In April 2016, we increased the minimum fare by 20 pence for all taxi journeys. This increase was intended to help drivers cover the costs of accepting card payments. If transaction costs were to be included in the Cost Index, this would mean that there were two increases to the fares for all passengers (regardless of whether they pay by card) – the minimum fare increase plus any increase as a result of changes to the Cost Index.

We’re interested in your views on transaction charges when paying by card for a taxi and if these charges should be included in the Cost Index.

Diesel price changes

Diesel prices can vary rapidly and unpredictably, and a high increase during the year would result in additional costs for drivers which they would not be able to recover from passengers. Since July 2008, special provisions have been in place to allow an extra charge of 40 pence to be added to each taxi fare if the cost of diesel rises significantly.

The extra charge would be authorised if diesel prices reach a threshold level. The threshold represents the price at which the overall increase in taxi costs would be in proportion to the increase in the average fare, represented by the diesel charge.

We propose to continue this arrangement, setting an appropriate threshold for diesel prices which, if met, would trigger the approval of an extra charge of 40 pence being added to taxi fares. The threshold will depend on the level of the general fares increase and the diesel price used in the calculation of the fare increase.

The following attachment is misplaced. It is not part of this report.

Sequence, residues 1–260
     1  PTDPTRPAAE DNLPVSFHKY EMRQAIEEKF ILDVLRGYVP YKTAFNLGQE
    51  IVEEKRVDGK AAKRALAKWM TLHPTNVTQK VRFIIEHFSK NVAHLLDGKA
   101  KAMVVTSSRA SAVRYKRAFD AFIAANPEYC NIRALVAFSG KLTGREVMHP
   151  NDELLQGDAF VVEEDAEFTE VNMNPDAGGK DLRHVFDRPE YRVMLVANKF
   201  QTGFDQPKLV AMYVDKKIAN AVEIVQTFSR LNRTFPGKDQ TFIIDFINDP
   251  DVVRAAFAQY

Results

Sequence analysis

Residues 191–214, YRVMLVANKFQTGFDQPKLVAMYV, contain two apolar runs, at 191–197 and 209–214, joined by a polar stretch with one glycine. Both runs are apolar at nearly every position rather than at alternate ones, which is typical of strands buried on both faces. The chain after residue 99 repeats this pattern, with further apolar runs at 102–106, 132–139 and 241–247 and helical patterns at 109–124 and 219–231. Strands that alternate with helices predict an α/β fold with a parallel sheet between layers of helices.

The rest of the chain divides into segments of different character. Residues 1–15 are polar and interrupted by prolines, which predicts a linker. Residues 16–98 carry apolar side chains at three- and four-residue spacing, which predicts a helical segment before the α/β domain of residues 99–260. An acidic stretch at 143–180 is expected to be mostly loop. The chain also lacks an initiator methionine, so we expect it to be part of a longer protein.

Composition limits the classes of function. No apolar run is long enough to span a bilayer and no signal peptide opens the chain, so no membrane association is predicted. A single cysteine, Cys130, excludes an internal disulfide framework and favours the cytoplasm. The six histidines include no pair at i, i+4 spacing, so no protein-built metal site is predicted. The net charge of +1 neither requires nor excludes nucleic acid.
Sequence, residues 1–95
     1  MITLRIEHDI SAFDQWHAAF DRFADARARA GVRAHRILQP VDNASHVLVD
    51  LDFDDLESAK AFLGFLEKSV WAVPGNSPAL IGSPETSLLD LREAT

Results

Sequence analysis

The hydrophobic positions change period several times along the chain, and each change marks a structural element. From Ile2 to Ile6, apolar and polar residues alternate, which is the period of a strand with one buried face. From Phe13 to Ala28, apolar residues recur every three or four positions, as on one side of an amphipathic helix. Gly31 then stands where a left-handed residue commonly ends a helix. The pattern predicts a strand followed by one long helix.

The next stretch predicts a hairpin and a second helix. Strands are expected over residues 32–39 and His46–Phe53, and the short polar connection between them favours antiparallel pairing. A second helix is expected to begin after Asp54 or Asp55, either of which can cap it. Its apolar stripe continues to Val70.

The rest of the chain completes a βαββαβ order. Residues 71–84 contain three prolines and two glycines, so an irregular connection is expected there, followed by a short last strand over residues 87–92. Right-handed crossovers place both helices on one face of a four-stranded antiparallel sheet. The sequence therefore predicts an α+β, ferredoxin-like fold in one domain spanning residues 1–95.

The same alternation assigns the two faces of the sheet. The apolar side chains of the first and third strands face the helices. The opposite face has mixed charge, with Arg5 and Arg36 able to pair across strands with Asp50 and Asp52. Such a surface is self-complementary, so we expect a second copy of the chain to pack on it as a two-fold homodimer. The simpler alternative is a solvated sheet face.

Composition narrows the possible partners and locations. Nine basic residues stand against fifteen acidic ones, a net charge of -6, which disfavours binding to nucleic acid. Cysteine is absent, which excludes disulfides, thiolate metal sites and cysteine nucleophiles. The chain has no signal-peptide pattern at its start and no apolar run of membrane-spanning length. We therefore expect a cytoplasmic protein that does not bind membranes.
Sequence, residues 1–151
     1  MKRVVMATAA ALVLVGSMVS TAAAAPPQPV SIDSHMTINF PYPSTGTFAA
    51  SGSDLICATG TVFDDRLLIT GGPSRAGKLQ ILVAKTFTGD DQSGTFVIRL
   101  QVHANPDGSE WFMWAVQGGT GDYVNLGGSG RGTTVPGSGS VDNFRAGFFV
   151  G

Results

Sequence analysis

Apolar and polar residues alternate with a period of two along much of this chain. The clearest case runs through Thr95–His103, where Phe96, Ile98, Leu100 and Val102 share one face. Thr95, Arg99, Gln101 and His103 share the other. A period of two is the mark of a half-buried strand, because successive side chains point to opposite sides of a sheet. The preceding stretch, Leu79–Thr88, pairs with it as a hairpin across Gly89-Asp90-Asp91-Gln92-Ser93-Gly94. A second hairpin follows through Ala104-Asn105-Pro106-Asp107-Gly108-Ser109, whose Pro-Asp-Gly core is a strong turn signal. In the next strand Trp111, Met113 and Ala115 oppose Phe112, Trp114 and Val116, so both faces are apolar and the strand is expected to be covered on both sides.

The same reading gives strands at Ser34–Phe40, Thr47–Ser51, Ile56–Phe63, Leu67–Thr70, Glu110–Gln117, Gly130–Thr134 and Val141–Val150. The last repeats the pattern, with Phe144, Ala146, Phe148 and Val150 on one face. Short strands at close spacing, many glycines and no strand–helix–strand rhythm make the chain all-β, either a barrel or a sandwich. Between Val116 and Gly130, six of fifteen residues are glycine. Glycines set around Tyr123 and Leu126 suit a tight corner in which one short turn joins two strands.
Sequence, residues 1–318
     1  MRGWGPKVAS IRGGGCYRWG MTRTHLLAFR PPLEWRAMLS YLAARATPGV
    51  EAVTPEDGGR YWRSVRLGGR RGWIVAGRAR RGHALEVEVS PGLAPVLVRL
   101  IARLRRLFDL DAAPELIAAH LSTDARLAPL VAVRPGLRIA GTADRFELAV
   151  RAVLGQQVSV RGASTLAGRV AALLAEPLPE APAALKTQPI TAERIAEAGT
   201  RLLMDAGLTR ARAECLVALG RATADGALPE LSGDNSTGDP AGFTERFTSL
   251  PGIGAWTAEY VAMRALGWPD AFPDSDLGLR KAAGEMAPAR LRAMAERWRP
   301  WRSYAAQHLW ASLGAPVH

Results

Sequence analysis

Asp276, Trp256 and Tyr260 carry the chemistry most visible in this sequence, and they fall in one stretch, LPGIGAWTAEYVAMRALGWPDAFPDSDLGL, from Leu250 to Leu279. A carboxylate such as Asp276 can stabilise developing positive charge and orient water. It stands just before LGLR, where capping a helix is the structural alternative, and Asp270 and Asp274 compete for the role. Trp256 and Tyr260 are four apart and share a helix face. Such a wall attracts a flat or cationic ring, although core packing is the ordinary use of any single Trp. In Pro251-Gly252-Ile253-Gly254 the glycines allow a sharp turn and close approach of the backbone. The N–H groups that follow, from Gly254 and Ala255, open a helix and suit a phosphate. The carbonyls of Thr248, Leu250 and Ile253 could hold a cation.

A provision has also been introduced where fares would be reduced by 40 pence if diesel prices fell significantly.

We are interested in your views on extending the arrangements in the event of a significant increase or decrease in the price of diesel. 

Heathrow Airport extra charge

Taxi drivers picking up passengers from the taxi ranks at Heathrow Airport must pay a fee to access the taxi ranks. To compensate drivers for this they can add an extra charge on to the fare for journeys which start from Heathrow Airport taxi ranks.

The fee drivers must pay is currently £3.50 and the extra charge they can add on to the fare is £2.80. The taxi driver associations have requested that this is increased from £2.80 to £3.20 and we are interested in your views on this.

Fixed fare and capped fare schemes

We are continuing to review options for fixed fare and capped fare schemes to and from Heathrow Airport. In the past there have been mixed views on these but it is felt that fixed or capped fares could benefit passengers travelling to or from the airport. Fixed fares are already available at some airports including in New York, Rome and Paris.